Everything Must Change: When the World's Biggest Problems and Jesus' Good News Collide by Brian D. McLaren - link to post. (Kansas Dad's copy)
Mrs. Pepperpot's Outing by Alf Proysen - I thought I found a Pepperpot book on Mater Amabilis's prep level page (preschool and kindergarten), but it's not there so now I'm not sure. Wherever it was, I requested this one from PaperBackSwap because our library didn't have any of the Pepperpot stories. In this quirky books, Mrs. Pepperpot shrinks to the size of a mouse and hilarity ensues. I intend to read this aloud next year, mostly for the benefit of my youngest who will be six and just starting kindergarten. I imagine they'll all enjoy it. (received through PaperBackSwap.com)
Hickory by Palmer Brown - I found this on a list of summer or spring read-alouds and thought the cover looked lovely. In fact, the entire book is physically lovely. The binding and slightly thicker pages are of excellent quality. The illustrations are delightful. The story, though, is a little ambivalent. Hickory is a mouse who leaves the farmhouse to make his home in the meadow where he befriends a grasshopper. In the fall, when the grasshopper expects to die, they decide to journey south where it's always warm. And that's how the book ends, with them wandering southward. I plan to leave it out with the library books so the kids can read it if they like, but I'm not going to read it aloud. (library copy)
Mystery of the Roman Ransom by Henry Winterfield (purchased copy) - This book is recommended by our history curriculum for Roman times (find it here). It's a mystery that mixes a few historical people and actual events with an imagined group of young boys that find themselves in the thick of things. The author shows every-day life in ancient Rome without "teaching" and the story is enjoyable. I read this one aloud, but the older two read the first book in the series, Detectives in Togas, on their own. That one is recommended as a read aloud for the unit before but I didn't have time to read it aloud. (received through PaperBackSwap.com)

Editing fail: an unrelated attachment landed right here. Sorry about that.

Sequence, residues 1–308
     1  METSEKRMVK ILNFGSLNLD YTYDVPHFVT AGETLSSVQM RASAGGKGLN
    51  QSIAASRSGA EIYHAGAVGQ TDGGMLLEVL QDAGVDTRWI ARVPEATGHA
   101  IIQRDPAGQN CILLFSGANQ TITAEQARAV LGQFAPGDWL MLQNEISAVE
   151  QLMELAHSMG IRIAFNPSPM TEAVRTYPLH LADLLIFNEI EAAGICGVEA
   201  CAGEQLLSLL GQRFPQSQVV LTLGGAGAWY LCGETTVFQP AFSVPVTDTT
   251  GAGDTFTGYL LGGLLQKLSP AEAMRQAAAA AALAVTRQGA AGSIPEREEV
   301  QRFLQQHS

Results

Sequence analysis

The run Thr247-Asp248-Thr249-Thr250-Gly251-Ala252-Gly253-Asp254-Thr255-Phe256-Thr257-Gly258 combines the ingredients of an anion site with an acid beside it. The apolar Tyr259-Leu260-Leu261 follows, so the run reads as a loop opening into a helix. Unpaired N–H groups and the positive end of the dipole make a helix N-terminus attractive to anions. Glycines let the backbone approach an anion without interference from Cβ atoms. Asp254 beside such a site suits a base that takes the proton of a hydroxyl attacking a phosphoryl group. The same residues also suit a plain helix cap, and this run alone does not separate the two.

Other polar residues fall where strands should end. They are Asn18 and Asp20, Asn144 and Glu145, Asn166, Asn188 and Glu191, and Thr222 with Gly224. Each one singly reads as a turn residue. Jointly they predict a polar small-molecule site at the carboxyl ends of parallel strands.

The Story of the Treasure Seekers by E. Nesbit - Six children find their family in financial difficulty after their mother dies and attempt various methods to procure riches - rescuing rich men in distress, wielding a diving rod, digging for treasure in the garden, selling poetry...they all have idea. Their naivety and generous natures win many friends, inspiring them to see the world anew. I stumbled once while reading it when I encountered one particularly unacceptable word. (I wonder how Librivox readers deal with such things; I suppose they read it. I skipped it, the whole sentence in fact.) It's not my favorite E. Nesbit novel, but it was worth reading aloud and my children enjoyed it. (library copy)
Gilead by Marilynne Robinson - link to my post. (library copy)
Books in Progress (and date started)
- Norton Anthology of English Literature Vol 2 (sixth edition) (August 2014)
- For the Children's Sake: Foundations of Education for Home and School by Susan Schaeffer Macaulay (January 2015, with my Start Here book club)
- Humility of Heart by Fr. Cajetan Mary da Bergamo (February 2015)
- Towards A Philosophy of Education (Charlotte Mason's Original Homeschooling Series) by Charlotte Mason (May 2015, with my Start Here book club)
- Ten Ways to Destroy the Imagination of Your Child by Anthony Esolen (November 2015)
- City of Saints: A Pilgrimage to John Paul II's Kraków by George Weigel (February 2016)
- A Triumph for Flavius by Caroline Dale Snedeker (March 2016)
The italic print: Links to Amazon are affiliate links. As an affiliate with Amazon, I receive a small commission if you follow one of my links, add something to your cart, and complete the purchase (in that order). I like to use the little I earn on the blog to purchase birthday and Christmas gifts (so they'll really be from me).
Links to RC History and PaperBackSwap are affiliate links.
Other links (like those to Bethlehem Books) are not affiliate links.
These reports are my honest opinions.